Black Atlantic Religion by J. Lorand MatoryBlack Atlantic Religion illuminates the mutual transformation of African and African-American cultures, highlighting the example of the Afro-Brazilian Candomblé religion. This book contests both the recent conviction that transnationalism is new and the long-held supposition that African culture endures in the Americas only among the poorest and most isolated of black populations. In fact, African culture in the Americas has most flourished among the urban and the prosperous, who, through travel, commerce, and literacy, were well exposed to other cultures. Their embrace of African religion is less a "survival," or inert residue of the African past, than a strategic choice in their circum-Atlantic, multicultural world. With counterparts in Nigeria, the Benin Republic, Haiti, Cuba, Trinidad, and the United States, Candomblé is a religion of spirit possession, dance, healing, and blood sacrifice. Most surprising to those who imagine Candomblé and other such religions as the products of anonymous folk memory is the fact that some of this religion's towering leaders and priests have been either well-traveled writers or merchants, whose stake in African-inspired religion was as much commercial as spiritual. Morever, they influenced Africa as much as Brazil. Thus, for centuries, Candomblé and its counterparts have stood at the crux of enormous transnational forces. Vividly combining history and ethnography, Matory spotlights a so-called "folk" religion defined not by its closure or internal homogeneity but by the diversity of its connections to classes and places often far away. Black Atlantic Religion sets a new standard for the study of transnationalism in its subaltern and often ancient manifestations.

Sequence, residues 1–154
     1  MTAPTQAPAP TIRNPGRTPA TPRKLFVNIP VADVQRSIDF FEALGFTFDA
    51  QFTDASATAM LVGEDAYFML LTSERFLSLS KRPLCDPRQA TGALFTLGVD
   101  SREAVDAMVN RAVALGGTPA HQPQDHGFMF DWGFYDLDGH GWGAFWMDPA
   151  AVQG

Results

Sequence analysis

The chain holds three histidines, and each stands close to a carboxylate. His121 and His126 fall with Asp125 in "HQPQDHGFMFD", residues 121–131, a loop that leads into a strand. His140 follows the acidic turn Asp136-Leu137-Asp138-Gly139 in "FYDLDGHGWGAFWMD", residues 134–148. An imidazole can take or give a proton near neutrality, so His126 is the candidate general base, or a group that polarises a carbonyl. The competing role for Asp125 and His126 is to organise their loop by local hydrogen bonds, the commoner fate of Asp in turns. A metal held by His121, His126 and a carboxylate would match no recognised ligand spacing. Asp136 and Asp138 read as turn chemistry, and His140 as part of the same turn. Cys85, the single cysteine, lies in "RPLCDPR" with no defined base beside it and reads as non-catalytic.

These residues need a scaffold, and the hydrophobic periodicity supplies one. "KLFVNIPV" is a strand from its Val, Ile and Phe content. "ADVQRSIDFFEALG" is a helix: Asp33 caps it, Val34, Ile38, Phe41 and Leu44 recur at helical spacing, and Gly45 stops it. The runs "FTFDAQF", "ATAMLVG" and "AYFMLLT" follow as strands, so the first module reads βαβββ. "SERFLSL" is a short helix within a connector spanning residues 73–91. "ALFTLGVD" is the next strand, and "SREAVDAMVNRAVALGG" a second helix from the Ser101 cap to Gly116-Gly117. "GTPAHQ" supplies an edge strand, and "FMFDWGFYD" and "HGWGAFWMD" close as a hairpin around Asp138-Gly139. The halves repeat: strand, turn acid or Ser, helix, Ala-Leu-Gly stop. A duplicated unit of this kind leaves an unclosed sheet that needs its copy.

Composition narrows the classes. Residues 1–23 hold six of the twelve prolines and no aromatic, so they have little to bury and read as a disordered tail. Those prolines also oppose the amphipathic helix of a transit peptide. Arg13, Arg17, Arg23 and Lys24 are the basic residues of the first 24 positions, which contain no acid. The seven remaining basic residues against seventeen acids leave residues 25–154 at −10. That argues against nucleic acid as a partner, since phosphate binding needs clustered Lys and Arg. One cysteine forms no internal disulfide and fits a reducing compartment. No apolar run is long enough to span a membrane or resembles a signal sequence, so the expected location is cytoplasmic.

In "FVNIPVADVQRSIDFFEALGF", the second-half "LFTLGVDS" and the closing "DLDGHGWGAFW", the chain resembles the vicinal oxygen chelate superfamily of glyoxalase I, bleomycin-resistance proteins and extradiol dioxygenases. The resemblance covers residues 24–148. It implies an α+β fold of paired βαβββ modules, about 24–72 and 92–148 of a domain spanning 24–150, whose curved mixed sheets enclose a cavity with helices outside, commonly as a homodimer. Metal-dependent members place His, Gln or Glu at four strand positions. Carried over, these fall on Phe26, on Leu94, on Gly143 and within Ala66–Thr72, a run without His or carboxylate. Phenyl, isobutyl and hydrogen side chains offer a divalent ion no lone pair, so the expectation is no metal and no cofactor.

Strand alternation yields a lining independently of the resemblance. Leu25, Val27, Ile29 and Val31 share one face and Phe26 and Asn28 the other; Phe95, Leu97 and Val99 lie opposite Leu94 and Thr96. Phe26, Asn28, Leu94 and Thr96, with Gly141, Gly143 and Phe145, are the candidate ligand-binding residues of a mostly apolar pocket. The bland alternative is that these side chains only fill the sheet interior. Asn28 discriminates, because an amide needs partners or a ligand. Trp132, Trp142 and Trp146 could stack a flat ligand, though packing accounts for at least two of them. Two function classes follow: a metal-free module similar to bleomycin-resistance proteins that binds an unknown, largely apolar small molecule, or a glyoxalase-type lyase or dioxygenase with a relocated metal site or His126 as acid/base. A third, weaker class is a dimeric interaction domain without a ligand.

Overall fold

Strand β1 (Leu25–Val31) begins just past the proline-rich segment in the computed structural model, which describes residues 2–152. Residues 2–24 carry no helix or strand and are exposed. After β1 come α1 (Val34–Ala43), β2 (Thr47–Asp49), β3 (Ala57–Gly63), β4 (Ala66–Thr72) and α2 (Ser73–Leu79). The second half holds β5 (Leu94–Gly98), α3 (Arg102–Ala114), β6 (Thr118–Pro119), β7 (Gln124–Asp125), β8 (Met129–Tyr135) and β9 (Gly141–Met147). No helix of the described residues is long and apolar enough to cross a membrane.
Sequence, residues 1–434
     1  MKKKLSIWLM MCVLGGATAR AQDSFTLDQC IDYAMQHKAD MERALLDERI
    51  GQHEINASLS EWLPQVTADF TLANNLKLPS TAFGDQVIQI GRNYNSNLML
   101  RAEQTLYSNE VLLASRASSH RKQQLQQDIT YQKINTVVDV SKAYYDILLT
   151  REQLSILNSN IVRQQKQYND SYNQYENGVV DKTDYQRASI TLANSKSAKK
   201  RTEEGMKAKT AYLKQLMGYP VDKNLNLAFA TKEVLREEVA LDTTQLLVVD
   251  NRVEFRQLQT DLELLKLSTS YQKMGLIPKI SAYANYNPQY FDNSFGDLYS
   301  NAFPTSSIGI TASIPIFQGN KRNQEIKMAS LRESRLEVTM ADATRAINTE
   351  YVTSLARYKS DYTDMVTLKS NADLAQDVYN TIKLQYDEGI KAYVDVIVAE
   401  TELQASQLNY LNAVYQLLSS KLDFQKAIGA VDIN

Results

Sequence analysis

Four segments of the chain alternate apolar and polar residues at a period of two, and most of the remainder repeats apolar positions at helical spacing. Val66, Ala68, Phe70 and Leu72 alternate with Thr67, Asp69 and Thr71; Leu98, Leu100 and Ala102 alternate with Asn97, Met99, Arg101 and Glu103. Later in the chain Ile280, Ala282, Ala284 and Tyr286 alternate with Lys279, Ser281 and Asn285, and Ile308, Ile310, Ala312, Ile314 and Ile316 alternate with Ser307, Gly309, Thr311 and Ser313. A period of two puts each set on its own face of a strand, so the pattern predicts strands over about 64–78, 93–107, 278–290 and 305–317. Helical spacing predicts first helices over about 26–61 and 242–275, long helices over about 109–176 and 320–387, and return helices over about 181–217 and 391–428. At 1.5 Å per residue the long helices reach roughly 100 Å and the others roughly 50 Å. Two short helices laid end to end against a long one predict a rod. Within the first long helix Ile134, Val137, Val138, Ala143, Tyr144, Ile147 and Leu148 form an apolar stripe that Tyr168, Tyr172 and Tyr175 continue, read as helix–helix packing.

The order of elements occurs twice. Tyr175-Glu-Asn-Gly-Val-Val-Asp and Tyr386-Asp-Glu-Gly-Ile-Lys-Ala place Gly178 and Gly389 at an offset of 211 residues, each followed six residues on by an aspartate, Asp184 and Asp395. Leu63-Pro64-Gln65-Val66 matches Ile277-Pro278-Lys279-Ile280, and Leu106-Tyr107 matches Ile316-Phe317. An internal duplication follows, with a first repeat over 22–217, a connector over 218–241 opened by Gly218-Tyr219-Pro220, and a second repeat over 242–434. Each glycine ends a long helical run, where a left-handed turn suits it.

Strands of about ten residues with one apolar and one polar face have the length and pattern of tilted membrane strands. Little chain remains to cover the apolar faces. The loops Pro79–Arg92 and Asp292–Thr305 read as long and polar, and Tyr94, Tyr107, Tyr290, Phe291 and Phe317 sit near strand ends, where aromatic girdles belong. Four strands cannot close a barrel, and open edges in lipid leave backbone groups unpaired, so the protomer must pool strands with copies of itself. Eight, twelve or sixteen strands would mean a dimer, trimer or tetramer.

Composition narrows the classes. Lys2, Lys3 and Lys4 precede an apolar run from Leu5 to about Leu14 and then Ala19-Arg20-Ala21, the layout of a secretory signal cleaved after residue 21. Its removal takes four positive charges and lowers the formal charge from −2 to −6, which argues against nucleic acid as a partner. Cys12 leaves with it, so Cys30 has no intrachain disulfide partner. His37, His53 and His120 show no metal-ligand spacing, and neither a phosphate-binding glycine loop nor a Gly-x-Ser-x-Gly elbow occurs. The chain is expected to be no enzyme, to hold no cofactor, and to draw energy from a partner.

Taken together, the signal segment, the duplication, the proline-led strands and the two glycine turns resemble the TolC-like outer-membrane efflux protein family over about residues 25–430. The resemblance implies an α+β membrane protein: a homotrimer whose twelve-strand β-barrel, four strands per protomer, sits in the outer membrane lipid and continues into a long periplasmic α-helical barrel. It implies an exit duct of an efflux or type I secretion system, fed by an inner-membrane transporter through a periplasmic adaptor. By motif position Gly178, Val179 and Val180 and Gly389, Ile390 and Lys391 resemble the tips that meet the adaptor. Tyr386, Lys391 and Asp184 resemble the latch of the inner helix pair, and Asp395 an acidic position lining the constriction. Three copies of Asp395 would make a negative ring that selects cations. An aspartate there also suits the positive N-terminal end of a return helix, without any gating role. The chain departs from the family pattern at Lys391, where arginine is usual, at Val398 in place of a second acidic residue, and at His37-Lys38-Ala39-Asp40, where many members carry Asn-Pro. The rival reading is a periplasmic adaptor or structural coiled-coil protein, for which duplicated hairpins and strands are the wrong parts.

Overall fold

Diaspora Conversions by Paul Christopher JohnsonBy joining a diaspora, a society may begin to change its religious, ethnic, and even racial identifications by rethinking its "pasts." This pioneering multisite ethnography explores how this phenomenon is affecting the remarkable religion of the Garifuna, historically known as the Black Caribs, from the Central American coast of the Caribbean. It is estimated that one-third of the Garifuna have migrated to New York City over the past fifty years. Paul Christopher Johnson compares Garifuna spirit possession rituals performed in Honduran villages with those conducted in New York, and what emerges is a compelling picture of how the Garifuna engage ancestral spirits across multiple diasporic horizons. His study sheds new light on the ways diasporic religions around the world creatively plot itineraries of spatial memory that at once recover and remold their histories.